nep-gen New Economics Papers
on Gender
Issue of 2018‒03‒26
five papers chosen by
Jan Sauermann
Stockholms universitet

  1. Early Gender Gaps Among University Graduates By Francesconi, Marco; Parey, Matthias
  2. Is there an immigrant-gender gap in education? An empirical investigation based on PISA data from Italy By Tindara Addabbo; Maddalena Davoli; Marina Murat
  3. Identifying Age Penalty in Women's Wages: New Method and Evidence from Germany 1984-2014 By Joanna Tyrowicz; Lucas van der Velde; Irene van Staveren
  4. The timing of puberty and gender differences in educational achievement By Koerselman, Kristian; Pekkarinen, Tuomas
  5. The evolution of the gender test score gap through seventh grade: New insights from Australia using unconditional quantile regression and decomposition By Le, Huong; Nguyen, Ha

  1. By: Francesconi, Marco; Parey, Matthias
    Abstract: We use data from six cohorts of university graduates in Germany to assess the extent of gender gaps in college and labor market performance twelve to eighteen months after graduation. Men and women enter college in roughly equal numbers, but more women than men complete their degrees. Women enter college with slightly better high school grades, but women leave university with slightly lower marks. Immediately following university completion, male and female full-timers work very similar number of hours per week, but men earn more than women across the pay distribution, with an unadjusted gender gap in full-time monthly earnings of about 20 log points on average. Including a large set of controls reduces the gap to 5-10 log points. The single most important proximate factor that explains the gap is field of study at university.
    Keywords: Field of study; gender wage gap; Germany; University graduates
    JEL: J16 J31 J71
    Date: 2018–02
  2. By: Tindara Addabbo; Maddalena Davoli; Marina Murat
    Abstract: Gender and origin background are widely accepted in the economics of education literature as factors that highly correlate with educational outcomes. However, little attention has been devoted so far to the interaction of these two dimensions. We use Italian data from PISA 2015 to investigate potential immigrant-gender gaps in education. We find that, as expected, girls outperform boys in reading and are outperformed by them in math and science. In addition, immigrant students’ scores are persistently below those of natives. However, interestingly, we find that being immigrant and female does not imply a double disadvantage in math and science. On the contrary, immigrant girls slightly compensate for the immigrant gap in all disciplines. Moreover, the wider gap we find is that of immigrant boys in reading: it ranges from to 0.66 to 2 school years with respect to native boys. Language spoken at home is one of the main cofactors affecting immigrant boy’s scores. Targeted policies should therefore be implemented.
    Keywords: immigrant-gender gap, education, OECD-PISA
    JEL: I24 F22 J16
    Date: 2018–02
  3. By: Joanna Tyrowicz; Lucas van der Velde; Irene van Staveren
    Abstract: Given theoretical premises, gender wage gap adjusted for individual characteristics is likely to vary over age. We extend DiNardo, Fortin and Lemieux (1996) semi-parametric technique to disentangle year, cohort and age effects in adjusted gender wage gaps. We rely on a long panel of data from the German Socio-Economic Panel covering the 1984-2015 period. Our results indicate that the gender wage gap increases over the lifetime, for some birth cohorts also in the post-reproductive age.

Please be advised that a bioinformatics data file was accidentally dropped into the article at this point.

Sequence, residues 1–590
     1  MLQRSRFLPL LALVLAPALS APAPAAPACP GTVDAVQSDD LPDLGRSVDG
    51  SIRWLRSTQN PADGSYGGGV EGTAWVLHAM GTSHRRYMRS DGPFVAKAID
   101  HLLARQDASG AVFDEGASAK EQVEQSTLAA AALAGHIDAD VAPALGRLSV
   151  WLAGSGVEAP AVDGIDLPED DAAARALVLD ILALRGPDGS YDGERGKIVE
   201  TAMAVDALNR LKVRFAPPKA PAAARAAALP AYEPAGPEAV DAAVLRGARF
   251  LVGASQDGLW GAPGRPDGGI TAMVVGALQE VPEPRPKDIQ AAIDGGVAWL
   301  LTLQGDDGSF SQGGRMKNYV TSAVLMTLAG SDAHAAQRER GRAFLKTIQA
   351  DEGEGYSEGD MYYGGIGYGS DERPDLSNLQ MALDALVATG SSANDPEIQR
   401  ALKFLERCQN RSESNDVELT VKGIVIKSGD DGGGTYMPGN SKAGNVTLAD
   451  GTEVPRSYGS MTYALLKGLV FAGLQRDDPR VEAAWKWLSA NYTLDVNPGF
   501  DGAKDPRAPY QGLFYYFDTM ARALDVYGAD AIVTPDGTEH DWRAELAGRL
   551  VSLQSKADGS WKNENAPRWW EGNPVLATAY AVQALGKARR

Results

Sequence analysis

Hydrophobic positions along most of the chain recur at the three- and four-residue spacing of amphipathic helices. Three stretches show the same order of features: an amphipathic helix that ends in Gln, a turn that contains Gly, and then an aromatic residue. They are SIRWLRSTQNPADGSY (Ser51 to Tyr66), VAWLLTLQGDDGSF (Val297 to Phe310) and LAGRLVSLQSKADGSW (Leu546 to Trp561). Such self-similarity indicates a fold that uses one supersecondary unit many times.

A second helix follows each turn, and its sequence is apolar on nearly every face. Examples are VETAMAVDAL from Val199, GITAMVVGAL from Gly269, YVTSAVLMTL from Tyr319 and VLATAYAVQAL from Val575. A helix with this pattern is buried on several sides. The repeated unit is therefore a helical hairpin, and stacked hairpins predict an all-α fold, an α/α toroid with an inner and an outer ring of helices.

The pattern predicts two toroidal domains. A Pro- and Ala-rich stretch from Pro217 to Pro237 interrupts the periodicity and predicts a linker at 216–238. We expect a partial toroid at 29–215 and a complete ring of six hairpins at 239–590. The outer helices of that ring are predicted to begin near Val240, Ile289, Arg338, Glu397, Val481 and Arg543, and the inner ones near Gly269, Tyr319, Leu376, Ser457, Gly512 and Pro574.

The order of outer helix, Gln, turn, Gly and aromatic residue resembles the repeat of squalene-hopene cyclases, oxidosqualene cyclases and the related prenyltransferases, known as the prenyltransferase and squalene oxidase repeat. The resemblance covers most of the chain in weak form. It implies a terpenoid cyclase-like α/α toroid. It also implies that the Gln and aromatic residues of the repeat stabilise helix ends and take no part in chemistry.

Keywords: gender wage gap, age, cohort, decomposition, non-parametric estimates, Germany
    JEL: J31 J71
    Date: 2017
  4. By: Koerselman, Kristian; Pekkarinen, Tuomas
    Abstract: In this paper, we study the effect of the timing of puberty on educational achievement and examine to what extent the gender differences in the timing of puberty can explain gender differences in achievement. We use British cohort data that combine information on pubertal development with test scores, behavioral outcomes as well as final educational attainment and earnings. Controlling for age 7 cognitive skills and family background, we show that late pubertal development is associated with a slower rate of cognitive skill growth during adolescence. This disadvantage in cognitive development is also reflected in lower levels of educational attainment and earnings for late developed individuals. The number of late developing boys is however too small to explain more than a fraction of the gender gap in educational outcomes. Furthermore, we find no effects on self-discipline or other behavioral outcomes in adolescence, suggesting a mechanism wholly separate from other causes of the gender gap.
    Keywords: education and training, education choices, gender differences, gender impacts, labour markets, learning outcomes, Labour markets and education, I20, J16,
    Date: 2017
  5. By: Le, Huong; Nguyen, Ha
    Abstract: This paper documents the patterns and examines the factors contributing to a gender gap in educational achievements in early seventh grade of schooling using a recent and nationally representative panel of Australian children. Regression results indicate that females excel at non-numeracy subjects at later grades whereas males outperform females in numeracy in all grades, whether at the mean or along the distribution of the test score. Our results also reveal a widening gender test score gap in numeracy as students advance their schooling. Regression and decomposition results also highlight the importance of controlling for pre-school cognitive skills in examining the gender test score gap.
    Keywords: Gender, Education, Quantile regression, Decomposition, Australia
    JEL: I20 J16
    Date: 2018–02–21

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